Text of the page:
Legal Summary:
Children's Online Privacy Protection Act

The Children’s Online Privacy Protection Act is one of the few federal online privacy law in the United States. Other statutes include sections about health and financial privacy, but COPPA is the only current statute that addresses universal privacy for an entire demographic -- children under 13.

The Children’s Online Privacy Protection Act requires parental consent before a) kids can make online purchases and b) ISPs can collect children’s personal information. The statute also includes provisions for educational software used in schools.

Below, you’ll find a summary of COPPA rules, plus links to case studies and updates involving the Children’s Online Privacy Protection Act.

(Being investigated for a COPPA violation? Our team of Internet law attorneys can help.)

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COPPA Rules: What Businesses Need To Know

COPPA Rules: Who Is Beholden To COPPA Regulations?

All data-collecting, commercial ISPs, plugins, apps, and websites, which are potentially attractive to minors, must adhere to the parameters. Even if your site or app isn’t intended for minors, but kids use it, you’re still responsible for sticking to COPPA rules. During investigations, the FTC -- and ultimately judges -- consider a properties subject matter, advertising, design, age of the models, features.

COPPA Rules: Information Quality Matters

When investigating a possible COPPA breach, the FTC considers the quality of the collected information. Experts look at:

  • Who controls and owns the collected data?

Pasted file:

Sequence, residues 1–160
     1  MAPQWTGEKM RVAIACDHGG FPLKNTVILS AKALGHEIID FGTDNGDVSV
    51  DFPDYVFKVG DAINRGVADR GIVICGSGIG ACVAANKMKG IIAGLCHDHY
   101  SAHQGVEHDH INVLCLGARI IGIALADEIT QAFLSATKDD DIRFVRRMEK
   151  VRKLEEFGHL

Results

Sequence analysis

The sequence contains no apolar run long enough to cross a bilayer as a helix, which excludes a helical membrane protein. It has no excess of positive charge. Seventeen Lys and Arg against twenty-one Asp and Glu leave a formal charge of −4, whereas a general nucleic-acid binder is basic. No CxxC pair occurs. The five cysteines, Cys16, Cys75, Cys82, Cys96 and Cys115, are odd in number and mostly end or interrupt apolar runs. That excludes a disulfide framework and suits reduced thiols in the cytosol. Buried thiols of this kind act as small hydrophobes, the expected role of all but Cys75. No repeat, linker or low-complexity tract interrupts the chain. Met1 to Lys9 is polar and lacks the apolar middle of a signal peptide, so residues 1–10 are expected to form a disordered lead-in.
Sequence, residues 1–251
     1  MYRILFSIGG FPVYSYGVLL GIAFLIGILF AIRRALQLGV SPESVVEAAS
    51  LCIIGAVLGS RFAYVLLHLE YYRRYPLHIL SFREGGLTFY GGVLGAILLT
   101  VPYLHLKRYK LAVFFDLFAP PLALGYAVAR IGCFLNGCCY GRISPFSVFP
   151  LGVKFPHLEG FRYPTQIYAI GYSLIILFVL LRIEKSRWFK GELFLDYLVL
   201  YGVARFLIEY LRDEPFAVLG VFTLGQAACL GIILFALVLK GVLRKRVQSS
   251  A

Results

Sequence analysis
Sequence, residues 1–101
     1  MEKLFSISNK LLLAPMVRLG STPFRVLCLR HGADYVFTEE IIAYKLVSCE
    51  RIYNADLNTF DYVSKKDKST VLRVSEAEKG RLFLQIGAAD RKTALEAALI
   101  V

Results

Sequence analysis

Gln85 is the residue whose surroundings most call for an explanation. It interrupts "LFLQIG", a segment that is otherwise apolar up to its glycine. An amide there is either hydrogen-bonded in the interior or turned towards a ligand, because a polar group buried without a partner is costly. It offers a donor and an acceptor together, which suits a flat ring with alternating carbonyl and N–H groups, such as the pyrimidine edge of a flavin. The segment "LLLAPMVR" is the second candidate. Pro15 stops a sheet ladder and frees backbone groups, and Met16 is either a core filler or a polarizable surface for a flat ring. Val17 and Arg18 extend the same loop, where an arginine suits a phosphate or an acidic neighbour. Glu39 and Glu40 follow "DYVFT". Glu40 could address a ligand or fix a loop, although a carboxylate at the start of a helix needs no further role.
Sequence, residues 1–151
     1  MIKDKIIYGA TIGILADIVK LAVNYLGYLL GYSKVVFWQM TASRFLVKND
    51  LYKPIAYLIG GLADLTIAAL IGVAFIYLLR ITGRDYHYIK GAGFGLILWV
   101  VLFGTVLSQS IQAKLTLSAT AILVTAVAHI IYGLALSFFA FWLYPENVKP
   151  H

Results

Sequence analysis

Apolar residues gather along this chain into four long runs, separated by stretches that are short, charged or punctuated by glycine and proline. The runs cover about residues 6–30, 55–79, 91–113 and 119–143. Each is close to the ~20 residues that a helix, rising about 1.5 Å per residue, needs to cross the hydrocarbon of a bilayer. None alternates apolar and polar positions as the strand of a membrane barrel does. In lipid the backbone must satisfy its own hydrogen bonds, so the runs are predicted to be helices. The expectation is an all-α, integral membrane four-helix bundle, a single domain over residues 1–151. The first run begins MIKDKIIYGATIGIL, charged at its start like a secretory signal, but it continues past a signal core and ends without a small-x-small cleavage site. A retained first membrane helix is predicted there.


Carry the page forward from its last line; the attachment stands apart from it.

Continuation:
• Who maintains the data?
  • Is there a pre-existing contractual agreement?
  • What role did the website or ISP play in managing and maintaining the information?
COPPA Rules: Parental Notice

Privacy policies must include the what, why, where, and how of a given site’s data collection procedures. The policy must also explain how can submit consent -- as well as complaints.

(Click here to read more about the different ways parents can issue COPPA consent.)

Wait, There's More! For Even More COPPA Frequently Asked Questions, Follow This Link »

COPPA Rules: What Constitutes Personal Data?

Under the current iteration of the Children’s Online Privacy Protection Act, the following things are considered “personal data”:

  • Full Name
  • Home Address
  • Email Address
  • Telephone Number
  • Social Media Account
  • Cookies (digital, not chocolate)
COPPA Rules: Required Website Privacy Notice Under

The Children’s Online Privacy Protection Act requires websites to post policies that explain exactly how collected data is used and stored. Additionally, the link to this policy must sit, conspicuously, next to every section where data is collected.

The privacy terms should also include:

  • The names of the website operators and contact info, for at least one;
  • Contact info for any relevant third-party proprietors;
  • Information on how to disallow third-party access to the information; and
  • Data deletion and cease collection instructions.

COPPA Rules Blog: Case Studies
and Statute Amendments

Below are a few articles covering updates to the Children’s Online Privacy Protection Act, plus some related case studies.

SPAN TAG
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California online privacy law list
SPAN TAG COPPA Is One Of California's Privacy Laws
Read »
COPPA lawyer explains online privacy legal audit
SPAN TAG Anyone Marketing In U.S. Must Follow COPPA
Read »
Blog post about COPPA law
SPAN TAG New Consent Tool Gets COPPA Approval
Read »
Blog Post about New COPPA law
SPAN TAG New COPPA Rules = Opportunity
Read »
COPPA lawsuits
SPAN TAG COPPA Case Example: Music Fan Site Censured
Read »

Speak With A COPPA Lawyer

Are you a marketer, website operator, or development firm with COPPA questions? If so, please get in touch. For years, our Internet law attorneys have helped clients avoid non-compliance fines. We also work with parties under investigation by the Federal Trade Commission for Children’s Online Privacy Protection Act abuses.

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